Cork Householders Urged To Say No To Junk Mail

2 March 2015
By Bryan Smyth
bryan@TheCork.ie

‘No Junk Mail’ stickers are being made available to householders
across Cork in a bid to reduce the amount of waste generated locally
by unsolicited mail dropped through letterboxes.

The Southern Waste Regional Office, supported by the Environment
Section of Cork County Council, has developed the initiative as part
of its ‘Do One More Thing Campaign’ to encourage resource efficiency
and waste prevention.

The campaign is a key element of a public consultation on a new plan
that sets out a framework for waste management in 10 counties across
the south of Ireland, including Cork, during the next six years.

Key targets outlined in the Draft Southern Region Waste Management
Plan, which is one of three being developed in Ireland, include a 1%
reduction per annum in the quantity of household waste generated per
capita over the period of the plan, a recycling/preparing for reuse
rate of 50% by 2020, and the elimination of the direct disposal of
unprocessed residual waste to landfill from 2016.

Unsolicited mail is mail you receive through your letter box. It
generally comprises of items such as local take away menus, local taxi
companies, and local companies advertising services such as house or
garden maintenance.

“Junk mail is not only a great source of annoyance for many
householders but it is also a huge generator of unnecessary waste,”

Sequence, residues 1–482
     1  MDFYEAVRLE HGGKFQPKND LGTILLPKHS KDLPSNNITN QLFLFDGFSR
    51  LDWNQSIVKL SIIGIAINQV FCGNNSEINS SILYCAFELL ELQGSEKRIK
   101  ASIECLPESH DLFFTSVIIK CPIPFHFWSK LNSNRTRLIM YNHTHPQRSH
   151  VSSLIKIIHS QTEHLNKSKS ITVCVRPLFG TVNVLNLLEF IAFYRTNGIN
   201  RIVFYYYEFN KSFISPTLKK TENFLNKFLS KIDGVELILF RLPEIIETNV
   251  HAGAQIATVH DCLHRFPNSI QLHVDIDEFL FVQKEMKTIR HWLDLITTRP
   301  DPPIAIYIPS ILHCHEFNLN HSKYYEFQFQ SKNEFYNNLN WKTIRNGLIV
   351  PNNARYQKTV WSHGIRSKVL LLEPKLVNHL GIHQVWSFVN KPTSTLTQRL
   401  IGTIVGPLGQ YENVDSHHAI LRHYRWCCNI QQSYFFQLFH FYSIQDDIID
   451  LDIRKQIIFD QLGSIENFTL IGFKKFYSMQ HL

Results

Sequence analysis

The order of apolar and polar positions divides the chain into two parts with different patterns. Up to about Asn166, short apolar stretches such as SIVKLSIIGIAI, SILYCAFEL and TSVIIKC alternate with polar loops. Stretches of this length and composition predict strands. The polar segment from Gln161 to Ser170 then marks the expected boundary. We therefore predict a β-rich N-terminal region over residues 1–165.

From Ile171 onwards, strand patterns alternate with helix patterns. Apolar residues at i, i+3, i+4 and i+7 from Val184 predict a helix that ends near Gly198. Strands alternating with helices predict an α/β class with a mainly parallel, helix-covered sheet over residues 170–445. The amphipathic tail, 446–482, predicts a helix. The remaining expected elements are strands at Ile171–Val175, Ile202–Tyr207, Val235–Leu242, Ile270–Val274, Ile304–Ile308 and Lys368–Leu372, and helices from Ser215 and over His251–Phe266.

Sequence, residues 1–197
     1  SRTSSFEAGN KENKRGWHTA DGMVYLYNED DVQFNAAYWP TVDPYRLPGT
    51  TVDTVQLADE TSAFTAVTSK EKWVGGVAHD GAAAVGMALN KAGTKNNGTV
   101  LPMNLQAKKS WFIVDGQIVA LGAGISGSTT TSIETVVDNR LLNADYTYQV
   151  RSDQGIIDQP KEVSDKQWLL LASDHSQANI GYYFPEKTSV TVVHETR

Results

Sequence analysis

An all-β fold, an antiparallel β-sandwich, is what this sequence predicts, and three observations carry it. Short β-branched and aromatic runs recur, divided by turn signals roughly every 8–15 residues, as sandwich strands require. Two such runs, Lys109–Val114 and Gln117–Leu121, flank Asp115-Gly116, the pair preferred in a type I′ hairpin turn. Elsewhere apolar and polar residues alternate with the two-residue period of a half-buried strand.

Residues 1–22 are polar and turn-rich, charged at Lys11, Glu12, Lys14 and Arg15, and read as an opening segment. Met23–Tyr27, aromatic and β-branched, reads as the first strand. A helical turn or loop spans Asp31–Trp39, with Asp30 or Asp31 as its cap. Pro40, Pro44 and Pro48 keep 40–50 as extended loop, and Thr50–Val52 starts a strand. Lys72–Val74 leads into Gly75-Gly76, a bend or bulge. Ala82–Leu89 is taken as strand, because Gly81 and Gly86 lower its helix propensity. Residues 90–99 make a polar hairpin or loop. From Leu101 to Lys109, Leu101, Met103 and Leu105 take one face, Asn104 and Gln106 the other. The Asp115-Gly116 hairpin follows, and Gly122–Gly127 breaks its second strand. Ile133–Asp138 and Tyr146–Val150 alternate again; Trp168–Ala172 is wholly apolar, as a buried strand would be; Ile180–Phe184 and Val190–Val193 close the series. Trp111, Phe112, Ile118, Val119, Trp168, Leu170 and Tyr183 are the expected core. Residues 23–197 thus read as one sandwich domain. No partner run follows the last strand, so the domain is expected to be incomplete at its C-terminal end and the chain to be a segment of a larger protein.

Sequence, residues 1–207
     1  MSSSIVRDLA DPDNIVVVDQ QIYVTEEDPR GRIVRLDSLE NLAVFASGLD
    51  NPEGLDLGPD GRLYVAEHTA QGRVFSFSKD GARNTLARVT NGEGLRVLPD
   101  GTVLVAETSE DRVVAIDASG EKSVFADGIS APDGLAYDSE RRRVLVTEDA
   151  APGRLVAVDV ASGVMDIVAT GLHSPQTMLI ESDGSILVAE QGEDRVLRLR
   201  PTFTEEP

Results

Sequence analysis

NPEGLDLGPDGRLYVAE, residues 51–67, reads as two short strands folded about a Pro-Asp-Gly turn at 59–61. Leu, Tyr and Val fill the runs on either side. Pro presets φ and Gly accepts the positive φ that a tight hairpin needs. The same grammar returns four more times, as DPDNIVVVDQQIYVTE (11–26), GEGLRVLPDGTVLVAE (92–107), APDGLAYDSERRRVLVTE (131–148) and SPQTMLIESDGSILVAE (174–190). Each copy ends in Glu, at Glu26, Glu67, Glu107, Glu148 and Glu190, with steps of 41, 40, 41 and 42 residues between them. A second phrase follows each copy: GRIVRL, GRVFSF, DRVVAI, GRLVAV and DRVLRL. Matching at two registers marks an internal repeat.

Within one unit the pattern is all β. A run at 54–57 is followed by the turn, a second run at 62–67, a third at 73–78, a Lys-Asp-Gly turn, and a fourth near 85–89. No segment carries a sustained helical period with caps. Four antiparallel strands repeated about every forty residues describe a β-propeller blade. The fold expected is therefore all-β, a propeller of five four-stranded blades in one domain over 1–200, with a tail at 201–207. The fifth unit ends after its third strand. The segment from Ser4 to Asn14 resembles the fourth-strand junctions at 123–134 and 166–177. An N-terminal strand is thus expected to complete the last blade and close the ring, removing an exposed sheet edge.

explained Dr. Mary Stack, Environmental Awareness Officer, Cork County
Council.

“While junk mail can be recycled most householders when asked say they
would prefer not to get it in the first place. The ‘No Junk Mail’
stickers we are making available are a polite way to request
distributors not to give you the material,” she added.

No Junk Mail stickers are being made available from the offices of the
Environment Section of Cork County Council. A number of local Tidy
Towns Groups are also distributing the stickers.

A series of other ‘Do One More Thing Campaign’ measures are planned
for the coming months, according to Pauline McDonogh, Regional Waste
Prevention Co-ordinator, Southern Waste Region.

“Among the initiatives, which are funded by the EPA, is the repairing
and bringing back into use of broken household items, improving the
quality of recycling so less recyclable waste is contaminated, and
reducing household food waste through smarter shopping, improved food
storage and more efficient use of foodstuffs,” stated Ms. McDonogh.

Commenting on the public consultation process for the Draft Southern
Region Waste Management Plan, Ms. McDonogh noted: “The draft plan aims
to move our management of waste from a traditional disposal model to a
circular economy model so that waste becomes a future resource or raw
material. Householders, businesses and even schools can kick-start
this process by visiting our website at wwww.southernwasteregion.ie
and learning how they can directly play a role in boosting household
and commercial recycling rates and reducing the level of waste sent to
landfill.”

The Southern Region Waste Management Plan is expected to be finalised
by mid-April 2015. The Southern Waste Region encompasses the local
authorities in Carlow, Clare, Cork City, Cork County, Kerry, Kilkenny,
Limerick City & County, Tipperary, Waterford City & County and
Wexford.

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